David Nelson is a new state senator in Idaho’s Fifth District. He’s an engineer and former owner of a software company who lives in Moscow. He’s a rare breed in the Idaho legislature, a Democrat who defeated a Republican incumbent.
“I found the campaign a lot easier than preparing for the session," Nelson said.
"For the session, you don’t really know your committee assignments until two or three weeks before the session and it’s not clear what rules or laws are going to come up before you in the session. So I spent a lot of time just talking to people in Benewah and Latah counties during the campaign, just trying to understand the issues they brought up. And then, once I learned about their issues, I tried to go into a bit more depth about that.
"For example, transportation is something I heard a ton about when I was out knocking on doors and it was mostly of the sense that our roads are maintained poorly and maybe we’re not getting our share of transportation dollars up here in northern Idaho. And from that, I went and talked to our highway commissioners to get their take," he said. "I looked and studied the different funding formulas on how the state distributes money, from where we take it in and the gas tax and registration and trucking fees and how it gets sent out to all of the different governmental entities that maintain the roads.”
That effort apparently paid off as Nelson was assigned to the Senate Transportation Committee.
On Nelson’s first official day in a legislative session, he heard Governor Little’s State of the State address and says he was pleased with the empty asis on education.
David Nelson: “If we don’t have a good educational system, we’re not going to have good jobs and so I think more investment in education at every level is important. In District 5, and really every legislative district in north Idaho, we compete for teachers with Washington state. My wife actually is a schoolteacher in the Pullman School District, for numerous reasons. One of them is because the pay is a lot better and so we really have to help our border districts so they can pay a competitive wage. With the McCleary decision and what the legislature’s done, there is a lot more money floating around for teachers’ salaries in Washington. If we’re going to pay a competitive wage and get the best teachers, we’re going to have to up our game there.”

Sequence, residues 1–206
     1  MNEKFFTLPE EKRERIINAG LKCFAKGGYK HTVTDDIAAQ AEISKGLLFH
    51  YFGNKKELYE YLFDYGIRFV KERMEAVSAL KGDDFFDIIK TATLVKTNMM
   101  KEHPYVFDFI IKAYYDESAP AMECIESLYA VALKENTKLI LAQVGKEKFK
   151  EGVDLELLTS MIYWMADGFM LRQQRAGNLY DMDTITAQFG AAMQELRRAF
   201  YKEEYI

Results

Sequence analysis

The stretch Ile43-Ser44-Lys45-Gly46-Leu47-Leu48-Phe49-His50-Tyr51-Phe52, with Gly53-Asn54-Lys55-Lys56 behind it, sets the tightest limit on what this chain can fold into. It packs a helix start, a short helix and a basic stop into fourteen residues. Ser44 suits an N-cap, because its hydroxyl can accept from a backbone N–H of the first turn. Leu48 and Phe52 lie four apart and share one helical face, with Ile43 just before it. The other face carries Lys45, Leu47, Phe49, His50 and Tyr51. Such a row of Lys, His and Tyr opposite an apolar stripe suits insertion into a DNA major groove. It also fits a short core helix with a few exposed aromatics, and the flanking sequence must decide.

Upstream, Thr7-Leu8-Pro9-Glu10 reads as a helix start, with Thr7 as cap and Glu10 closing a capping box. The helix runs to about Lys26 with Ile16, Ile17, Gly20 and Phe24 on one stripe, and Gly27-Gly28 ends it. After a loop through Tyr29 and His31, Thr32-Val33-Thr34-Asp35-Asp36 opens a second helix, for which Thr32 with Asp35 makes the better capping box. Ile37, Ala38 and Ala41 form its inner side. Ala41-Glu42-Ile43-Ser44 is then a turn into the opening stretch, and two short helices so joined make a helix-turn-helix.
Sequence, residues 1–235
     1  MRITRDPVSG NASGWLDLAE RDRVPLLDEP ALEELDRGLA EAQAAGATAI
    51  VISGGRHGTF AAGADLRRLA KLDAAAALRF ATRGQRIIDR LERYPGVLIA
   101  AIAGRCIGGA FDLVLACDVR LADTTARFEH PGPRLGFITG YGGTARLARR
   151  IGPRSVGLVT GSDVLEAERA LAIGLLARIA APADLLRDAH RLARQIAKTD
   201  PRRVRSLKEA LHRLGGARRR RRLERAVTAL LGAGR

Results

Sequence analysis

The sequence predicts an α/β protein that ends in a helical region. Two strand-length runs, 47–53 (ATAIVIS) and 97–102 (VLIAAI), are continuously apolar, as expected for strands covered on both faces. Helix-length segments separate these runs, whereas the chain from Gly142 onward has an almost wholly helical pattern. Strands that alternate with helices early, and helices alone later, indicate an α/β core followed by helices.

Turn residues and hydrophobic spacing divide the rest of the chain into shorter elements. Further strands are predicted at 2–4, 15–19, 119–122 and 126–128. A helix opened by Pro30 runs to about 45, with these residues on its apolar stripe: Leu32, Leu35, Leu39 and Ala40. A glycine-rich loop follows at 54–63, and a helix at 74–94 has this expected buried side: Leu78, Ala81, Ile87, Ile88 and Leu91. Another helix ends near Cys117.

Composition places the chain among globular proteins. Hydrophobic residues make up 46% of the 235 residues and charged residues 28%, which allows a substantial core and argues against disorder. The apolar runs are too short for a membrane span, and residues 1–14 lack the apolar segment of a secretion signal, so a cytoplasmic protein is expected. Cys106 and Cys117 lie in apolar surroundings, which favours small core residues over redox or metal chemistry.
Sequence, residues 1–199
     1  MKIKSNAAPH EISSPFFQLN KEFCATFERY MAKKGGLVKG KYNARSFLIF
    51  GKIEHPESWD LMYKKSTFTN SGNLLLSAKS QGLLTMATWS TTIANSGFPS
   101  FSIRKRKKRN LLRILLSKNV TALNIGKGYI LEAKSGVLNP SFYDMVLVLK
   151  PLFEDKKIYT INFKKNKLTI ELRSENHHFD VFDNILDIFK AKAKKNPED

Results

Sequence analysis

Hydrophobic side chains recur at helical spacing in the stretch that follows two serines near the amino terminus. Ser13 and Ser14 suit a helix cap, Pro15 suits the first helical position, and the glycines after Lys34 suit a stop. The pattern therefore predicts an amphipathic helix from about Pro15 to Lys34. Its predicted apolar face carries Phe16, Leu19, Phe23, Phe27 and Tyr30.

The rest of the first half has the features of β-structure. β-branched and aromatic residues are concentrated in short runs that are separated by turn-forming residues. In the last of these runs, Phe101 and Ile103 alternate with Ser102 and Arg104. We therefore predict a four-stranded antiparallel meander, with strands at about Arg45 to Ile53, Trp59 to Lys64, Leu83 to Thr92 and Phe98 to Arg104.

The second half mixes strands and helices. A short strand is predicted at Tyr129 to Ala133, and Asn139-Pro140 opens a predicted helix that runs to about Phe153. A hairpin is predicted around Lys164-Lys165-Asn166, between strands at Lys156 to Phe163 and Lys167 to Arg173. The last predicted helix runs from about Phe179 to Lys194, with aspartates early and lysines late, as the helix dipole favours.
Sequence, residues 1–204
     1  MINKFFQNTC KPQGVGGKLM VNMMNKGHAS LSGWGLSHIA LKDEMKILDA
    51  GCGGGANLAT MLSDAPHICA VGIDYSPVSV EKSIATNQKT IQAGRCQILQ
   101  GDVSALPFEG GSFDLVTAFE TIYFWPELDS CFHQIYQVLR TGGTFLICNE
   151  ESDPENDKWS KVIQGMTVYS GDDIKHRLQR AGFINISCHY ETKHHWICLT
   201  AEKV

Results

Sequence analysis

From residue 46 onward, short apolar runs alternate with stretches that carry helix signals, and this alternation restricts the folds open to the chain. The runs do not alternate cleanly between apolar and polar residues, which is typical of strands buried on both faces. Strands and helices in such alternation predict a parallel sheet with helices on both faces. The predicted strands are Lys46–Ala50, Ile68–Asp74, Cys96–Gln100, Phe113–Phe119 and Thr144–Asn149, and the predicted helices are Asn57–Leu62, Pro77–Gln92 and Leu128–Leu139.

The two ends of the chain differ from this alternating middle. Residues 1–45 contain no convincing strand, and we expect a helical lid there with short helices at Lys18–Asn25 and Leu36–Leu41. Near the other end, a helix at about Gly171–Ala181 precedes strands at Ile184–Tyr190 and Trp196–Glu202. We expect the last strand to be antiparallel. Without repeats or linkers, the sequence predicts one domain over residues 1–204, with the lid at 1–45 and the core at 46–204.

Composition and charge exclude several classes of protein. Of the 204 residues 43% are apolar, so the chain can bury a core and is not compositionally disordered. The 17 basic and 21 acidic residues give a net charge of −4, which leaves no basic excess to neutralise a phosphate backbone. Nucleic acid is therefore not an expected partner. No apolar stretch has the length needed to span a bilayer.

Doug: “Forty thousand dollars would be the floor, the starting wage for a new teacher in Idaho. Do you think that’s high enough?”
David Nelson: “I think that’s certainly an improvement over where it’s been. I think probably one of the problems I’ve seen historically with our Republican supermajority is they care about education, but they’re just so darn cautious that we don’t spend fast enough and maybe there’s too much emphasis on a tax cut, like last year’s tax cut that’s got us in a little trouble or the grocery tax next year. We’ve really got to push the gas pedal down on education or we’re not going to have good workers and you see that in towns like St. Maries, where it’s hard to hire a millwright. Getting a good career technical education is hard. You’ve got to go to Coeur d’Alene. You’ve got to go to Lewiston. So I’d like to see us accelerate our spending, be more competitive with Washington state on teachers’ salaries. Even with what Governor Little’s proposing, we’re still leaving our districts to support really large supplemental levies to pay the teachers. Where I live, in Moscow, the supplemental levy is 40% of our operating budget, so even getting starting teacher pay to 40-thousand and putting four-and-a-half or five percent into the career ladder is just not cutting it. We’re trying. We’re just not keeping up with the competition.”
That’s Sen. David Nelson (D-Moscow), starting his first term. He says his top priority is to ensure Medicaid expansion is enacted in Idaho as the voters approved it in November. That means not instituting some sort of work requirement as a condition of receiving subsidized care. He and other Democrats have argued that would add a new and expensive bureaucracy to the state.